Multicultural Celebration Day & The International Fair

Riya Kapoor and Djasahn English

With a community as diverse and unique as LFA, it is important to have time to honor the inclusivity of the school. Having been put off for two years due to COVID-19, Multicultural Celebration Day/International Fair was worth the wait. this year. Different clubs, cultures, and affinity groups were able to interact and teach the LFA community their traditions and heritage through classes, the international fair, and a keynote session with poets Ummi Modeste and Amaryllis Lopez.

 The day opened with a keynote session where students were able to reflect on their identities by creating affirmations about themselves. The purpose of the activity was to help students feel welcomed and generate a sense of belonging. The Modern & Classical Languages Department Chair, Valerie Sorenson expanded on the importance of this day to our community, “Concepts like belonging are something we consider heavily at LFA. It is not enough just to have diversity, but to bring everyone together to celebrate and recognize all of the aspects of our cultures and identities is important as well.” said Sorenson. Representing 15 states and 35 countries, LFA makes it a point for us to feel like we belong and celebrating our diversity on days such as Multicultural Day stands to be very important to our community. 

 “My favorite aspect of this day is that it’s student driven. It appeals to me personally because it’s a chance for me to talk about ourselves and our cultures” concluded Sorenson. 

The Multicultural Prefects, Diana Borland ‘22, Steven Sun ‘22 and Ezzat Suhaime ‘22, played a substantial role in planning the day, and they put a large emphasis on the student-led portions of the day.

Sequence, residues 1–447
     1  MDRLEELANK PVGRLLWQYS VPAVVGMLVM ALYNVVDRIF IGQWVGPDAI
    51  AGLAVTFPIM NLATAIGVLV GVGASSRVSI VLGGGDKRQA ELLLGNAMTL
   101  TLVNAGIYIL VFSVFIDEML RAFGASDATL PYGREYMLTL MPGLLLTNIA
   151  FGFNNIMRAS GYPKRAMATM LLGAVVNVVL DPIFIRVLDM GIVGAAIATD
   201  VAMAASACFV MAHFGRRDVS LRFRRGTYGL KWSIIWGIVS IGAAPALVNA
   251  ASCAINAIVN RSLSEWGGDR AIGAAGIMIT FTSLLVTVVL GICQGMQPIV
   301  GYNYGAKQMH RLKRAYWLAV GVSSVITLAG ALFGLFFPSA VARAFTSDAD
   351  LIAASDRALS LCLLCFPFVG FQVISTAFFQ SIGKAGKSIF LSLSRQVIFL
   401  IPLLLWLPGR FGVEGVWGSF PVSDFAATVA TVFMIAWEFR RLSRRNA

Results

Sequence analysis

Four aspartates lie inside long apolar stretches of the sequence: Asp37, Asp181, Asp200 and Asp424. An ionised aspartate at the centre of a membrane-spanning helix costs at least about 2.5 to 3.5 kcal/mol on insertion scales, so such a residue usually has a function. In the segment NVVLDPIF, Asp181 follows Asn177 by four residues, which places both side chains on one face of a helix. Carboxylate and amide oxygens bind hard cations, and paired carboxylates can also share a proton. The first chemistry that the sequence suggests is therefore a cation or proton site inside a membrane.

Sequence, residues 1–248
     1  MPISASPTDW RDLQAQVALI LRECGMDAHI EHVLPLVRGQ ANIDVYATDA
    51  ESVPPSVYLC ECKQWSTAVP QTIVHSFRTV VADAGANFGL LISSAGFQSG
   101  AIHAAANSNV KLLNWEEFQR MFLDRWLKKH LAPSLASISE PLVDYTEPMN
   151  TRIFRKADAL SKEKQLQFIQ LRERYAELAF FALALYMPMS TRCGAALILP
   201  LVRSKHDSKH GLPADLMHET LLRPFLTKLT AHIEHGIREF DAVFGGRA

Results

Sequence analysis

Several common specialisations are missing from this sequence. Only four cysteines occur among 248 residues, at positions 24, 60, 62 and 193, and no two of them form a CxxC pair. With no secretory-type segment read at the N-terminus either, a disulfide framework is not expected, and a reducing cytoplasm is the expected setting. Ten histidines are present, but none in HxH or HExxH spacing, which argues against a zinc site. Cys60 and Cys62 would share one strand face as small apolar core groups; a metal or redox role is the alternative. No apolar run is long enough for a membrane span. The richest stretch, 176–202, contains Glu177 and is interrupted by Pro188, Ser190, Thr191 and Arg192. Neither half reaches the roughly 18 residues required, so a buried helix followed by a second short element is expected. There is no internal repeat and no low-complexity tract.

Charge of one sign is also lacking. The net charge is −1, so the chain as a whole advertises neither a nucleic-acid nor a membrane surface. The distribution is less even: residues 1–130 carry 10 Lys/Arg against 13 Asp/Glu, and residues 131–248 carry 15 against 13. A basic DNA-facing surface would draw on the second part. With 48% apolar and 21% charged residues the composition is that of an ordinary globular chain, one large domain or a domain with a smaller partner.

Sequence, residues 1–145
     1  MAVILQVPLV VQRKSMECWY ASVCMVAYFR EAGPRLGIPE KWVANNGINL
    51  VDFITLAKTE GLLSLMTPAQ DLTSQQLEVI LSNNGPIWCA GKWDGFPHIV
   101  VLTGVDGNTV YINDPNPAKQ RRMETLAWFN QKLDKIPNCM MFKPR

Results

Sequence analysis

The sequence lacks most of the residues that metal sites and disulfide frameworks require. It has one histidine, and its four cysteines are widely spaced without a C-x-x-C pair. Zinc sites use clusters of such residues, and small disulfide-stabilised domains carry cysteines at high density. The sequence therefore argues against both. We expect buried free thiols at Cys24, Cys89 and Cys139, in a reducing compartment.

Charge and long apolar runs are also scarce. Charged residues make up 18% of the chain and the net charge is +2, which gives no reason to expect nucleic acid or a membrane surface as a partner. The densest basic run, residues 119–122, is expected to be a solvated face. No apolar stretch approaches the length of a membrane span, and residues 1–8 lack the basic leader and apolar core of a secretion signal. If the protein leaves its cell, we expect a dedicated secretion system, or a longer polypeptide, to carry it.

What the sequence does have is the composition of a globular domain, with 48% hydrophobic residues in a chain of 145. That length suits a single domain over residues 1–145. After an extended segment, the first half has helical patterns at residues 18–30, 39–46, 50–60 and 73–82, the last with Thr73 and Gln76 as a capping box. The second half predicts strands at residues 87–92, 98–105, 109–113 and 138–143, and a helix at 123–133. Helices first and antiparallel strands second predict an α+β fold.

Multicultural Perfect Steven Sun said, “we wanted to give students the chance to spread their identity… so students can learn more about each culture and respect them.” 

The prefects were concerned that the amount of students looking to participate in teaching their own class would not be enough to fill the student lead period. 

Multicultural Prefect Diana Borland said, “We had to start talking to a lot of students… we were worried that we would run short of student teachers which would be bad because we wanted it to be completely student run” 

The active presence of the prefects was eventually effective in leading a large group of students participating as teachers and sharing their cultures. 

However, both Steven and Diana expressed that their  goals for the future were increased student participation. 

Diana also shared that she wants to expand the day, saying, “It is important to celebrate everyone who is here and we need to have more in the future, it should not just be one day.”


Miranda Hernandez ’23 and Julia Plambeck ’23 at and identity workshop. (Photo by Alex Stevenson )